A financial tune-up for fall
As we get ready to close up the cottage, clean off the barbeque and say farewell to summer for another year, now is also a good time to start thinking about personal finances. Many people let their finances coast during the summer months. There’s even that famous saying in investing: “Sell in May and go away”. So it’s good to get into the habit of using the fall as a reminder to revisit your financial situation, and to do a personal tune-up. Here are a few things to consider as we move into the home stretch of 2018:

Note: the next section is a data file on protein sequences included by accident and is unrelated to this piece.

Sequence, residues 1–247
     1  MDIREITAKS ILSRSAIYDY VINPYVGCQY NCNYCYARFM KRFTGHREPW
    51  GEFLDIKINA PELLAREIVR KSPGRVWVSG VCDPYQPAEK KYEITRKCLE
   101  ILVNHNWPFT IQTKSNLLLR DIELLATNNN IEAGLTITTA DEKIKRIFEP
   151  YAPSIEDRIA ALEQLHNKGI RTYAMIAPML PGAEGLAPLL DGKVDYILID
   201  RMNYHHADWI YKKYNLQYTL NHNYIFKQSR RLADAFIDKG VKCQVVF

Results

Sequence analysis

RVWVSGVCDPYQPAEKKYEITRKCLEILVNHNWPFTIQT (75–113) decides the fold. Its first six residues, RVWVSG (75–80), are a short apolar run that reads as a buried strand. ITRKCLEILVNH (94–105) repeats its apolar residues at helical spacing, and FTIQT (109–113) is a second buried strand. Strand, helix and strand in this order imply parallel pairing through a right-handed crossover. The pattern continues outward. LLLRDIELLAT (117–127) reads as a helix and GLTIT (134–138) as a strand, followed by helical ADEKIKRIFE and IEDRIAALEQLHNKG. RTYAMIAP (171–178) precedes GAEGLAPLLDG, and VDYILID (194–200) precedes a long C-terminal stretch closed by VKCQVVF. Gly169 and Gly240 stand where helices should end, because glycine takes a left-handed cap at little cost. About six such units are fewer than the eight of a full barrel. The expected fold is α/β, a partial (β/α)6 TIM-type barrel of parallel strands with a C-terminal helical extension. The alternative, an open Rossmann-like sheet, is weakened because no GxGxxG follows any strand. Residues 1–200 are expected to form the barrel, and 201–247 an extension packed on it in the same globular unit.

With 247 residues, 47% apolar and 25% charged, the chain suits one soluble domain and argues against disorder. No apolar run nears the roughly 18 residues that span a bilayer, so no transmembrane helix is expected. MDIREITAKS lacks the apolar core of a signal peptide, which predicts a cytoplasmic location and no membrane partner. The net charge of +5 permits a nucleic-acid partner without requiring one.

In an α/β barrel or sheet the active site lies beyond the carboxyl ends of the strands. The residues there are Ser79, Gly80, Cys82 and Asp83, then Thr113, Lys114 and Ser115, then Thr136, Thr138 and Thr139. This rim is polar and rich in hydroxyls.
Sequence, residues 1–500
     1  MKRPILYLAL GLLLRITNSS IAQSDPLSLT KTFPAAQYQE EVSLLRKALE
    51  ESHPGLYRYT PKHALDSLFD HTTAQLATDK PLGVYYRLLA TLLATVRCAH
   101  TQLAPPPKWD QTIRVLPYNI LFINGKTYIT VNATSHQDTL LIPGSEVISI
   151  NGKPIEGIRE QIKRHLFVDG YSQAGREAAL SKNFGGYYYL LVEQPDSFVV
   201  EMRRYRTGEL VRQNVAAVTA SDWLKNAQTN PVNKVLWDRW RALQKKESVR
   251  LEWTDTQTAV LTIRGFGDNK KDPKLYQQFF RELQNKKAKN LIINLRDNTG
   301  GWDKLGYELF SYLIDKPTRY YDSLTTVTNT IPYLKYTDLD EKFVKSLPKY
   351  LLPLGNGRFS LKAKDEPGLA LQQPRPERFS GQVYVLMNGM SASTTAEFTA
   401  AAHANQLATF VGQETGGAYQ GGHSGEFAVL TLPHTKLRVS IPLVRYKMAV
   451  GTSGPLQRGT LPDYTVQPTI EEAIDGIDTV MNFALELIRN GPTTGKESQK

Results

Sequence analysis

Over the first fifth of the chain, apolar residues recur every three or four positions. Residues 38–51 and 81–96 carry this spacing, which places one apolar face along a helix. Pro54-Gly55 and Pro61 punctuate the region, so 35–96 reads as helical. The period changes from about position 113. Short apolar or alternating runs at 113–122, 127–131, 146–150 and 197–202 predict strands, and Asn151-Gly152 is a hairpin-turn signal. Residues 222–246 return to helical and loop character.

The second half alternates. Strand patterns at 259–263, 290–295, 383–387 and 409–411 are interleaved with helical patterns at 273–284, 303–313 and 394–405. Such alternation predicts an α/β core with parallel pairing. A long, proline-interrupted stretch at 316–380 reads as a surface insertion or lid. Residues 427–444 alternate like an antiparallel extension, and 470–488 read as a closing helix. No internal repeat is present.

Prepare for higher borrowing costs
Interest rates have started inching up after an unprecedented period of historic lows, and they look poised to continue climbing. You’ll see the effect of any increase immediately if you have a variable-rate mortgage or a personal line of credit, but even fixed-rate borrowers will ultimately feel the pinch when renewal time comes up. Keep an eye on your debt levels, and now more than ever, consolidate high-cost loans into a single low-interest payment.
Savings rates take time to rise
The good news about the increase in interest rates is that it usually signals better returns on deposits like GICs and high interest savings accounts. The bad news is that it can take some time for those returns to show up. Financial institutions don’t automatically raise savings rates just because the Bank of Canada rate has risen. They will also make their decisions based on competitive market pressures and their own financial needs.
Don’t believe the hype